So there we have it. The second half of my May wrap up. I read 16 books in May, and my current total on Goodreads (at time of writing on 12/06) is 66/75 books read for 2020. I originally set my goal at 50 with the plan being to revisit it this month, but I upped it previously as I’d exceeded 50. If I managed to hit 75 this month, I’ll be amending my goal to 100. Let’s see how that goes.

How did your May go? Did you read everything you wanted to? Anything unexpected you really enjoyed?

Spider-Man/Deadpool, Vol 1 [Books]

spiderman deadpoolFunny story behind this one. A long time ago, on a trip to Margate, the BF and I went into an awesome little comic book store. I picked up a few graphic novels, and through visiting various second hand bookshops in the area, a whole lot of new books. I’m still working my way through them all. But recently, I picked up the Spider-Man/Deadpool graphic novel, eager to sink in and read it.

And found out it was actually volume 2.

So I jumped online, found volume 1 and ordered that, went to start Sandman and realised I’d done the same thing (but got #3 instead!) so went and got volume 1 of that too and…

Honestly, this is why you Google these things while you’re in the shop, kids! (Also it would help if graphic novels – and fiction books! – could include a number, on the cover or spine. Or something! I know some do but please can this be more common)

Anyway! The review!

At the point this story starts, Deadpool is part of the Avengers, and because of his presence of the team, Spider-Man has opted out. But Deadpool wants to impress good old spidey, and prove to him he really has changed. The problem being, Deadpool has been hired to kill someone he believes to be an evil tyrant – Peter Parker.

I’ve read a few Deadpool graphic novels before – I especially loved Kills the Marvel Universe – and I always enjoy them. Deadpool here is a conflicted man, who wants so much to be seen as a good guy, but who doesn’t quite know how to go about it. He wants Spider-Man to help him, believing if he can get a ‘real’ hero to hang out with him, Spidey’s heroicness will rub off on him.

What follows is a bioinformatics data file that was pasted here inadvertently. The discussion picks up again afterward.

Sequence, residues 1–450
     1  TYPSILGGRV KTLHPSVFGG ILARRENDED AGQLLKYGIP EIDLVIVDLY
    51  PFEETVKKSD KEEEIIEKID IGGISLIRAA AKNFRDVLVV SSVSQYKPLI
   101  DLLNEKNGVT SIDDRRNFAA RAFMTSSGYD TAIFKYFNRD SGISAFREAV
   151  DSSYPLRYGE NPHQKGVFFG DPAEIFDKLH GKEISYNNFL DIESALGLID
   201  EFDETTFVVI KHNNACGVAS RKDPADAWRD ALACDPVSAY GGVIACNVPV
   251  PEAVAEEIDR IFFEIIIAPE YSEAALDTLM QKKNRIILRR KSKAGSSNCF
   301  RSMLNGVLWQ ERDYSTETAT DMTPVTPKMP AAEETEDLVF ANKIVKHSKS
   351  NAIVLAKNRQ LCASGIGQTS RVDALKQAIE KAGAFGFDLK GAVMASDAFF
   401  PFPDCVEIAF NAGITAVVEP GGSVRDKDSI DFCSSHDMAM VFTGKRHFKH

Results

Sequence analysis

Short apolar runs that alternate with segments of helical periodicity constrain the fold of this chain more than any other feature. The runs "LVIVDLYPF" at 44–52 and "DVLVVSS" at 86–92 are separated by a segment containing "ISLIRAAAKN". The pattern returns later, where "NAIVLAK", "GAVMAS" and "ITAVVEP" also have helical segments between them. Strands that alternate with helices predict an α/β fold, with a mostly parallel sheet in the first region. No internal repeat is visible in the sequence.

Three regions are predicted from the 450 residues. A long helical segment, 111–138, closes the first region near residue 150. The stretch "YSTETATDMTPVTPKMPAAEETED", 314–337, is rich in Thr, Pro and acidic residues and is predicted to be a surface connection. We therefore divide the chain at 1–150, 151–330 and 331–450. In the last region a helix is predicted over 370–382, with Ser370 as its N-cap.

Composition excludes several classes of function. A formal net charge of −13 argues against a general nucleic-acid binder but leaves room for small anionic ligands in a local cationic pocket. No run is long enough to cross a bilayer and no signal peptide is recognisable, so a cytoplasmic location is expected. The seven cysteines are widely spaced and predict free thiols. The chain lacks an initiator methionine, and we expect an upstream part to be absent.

I really liked the storyline here, and of course the art is great. But here you see how Parker is trying to mimic his hero, Tony Stark. Parker is the head of a large company, and is trying to do what he can to help people through science, as well, but he’s struggling to act as CEO and spend time as Spider-Man. And he now has Deadpool to deal with.

Throughout, we – and Spider-Man – start to see another side to Deadpool, more than the merc with a mouth, and see how much DP really does care and want to do better. The relationship between the two is really interesting too, and comes across as natural, even when DP gets on Spidey’s nerves, and when DP tries to do something for the guy he wants as his best friend, only to see it backfire.

This graphic novel does a lot to deepen Deadpool’s character, and create an interesting relationship between the two characters. It makes sense to have them together, and their remarks and banter make this really enjoyable.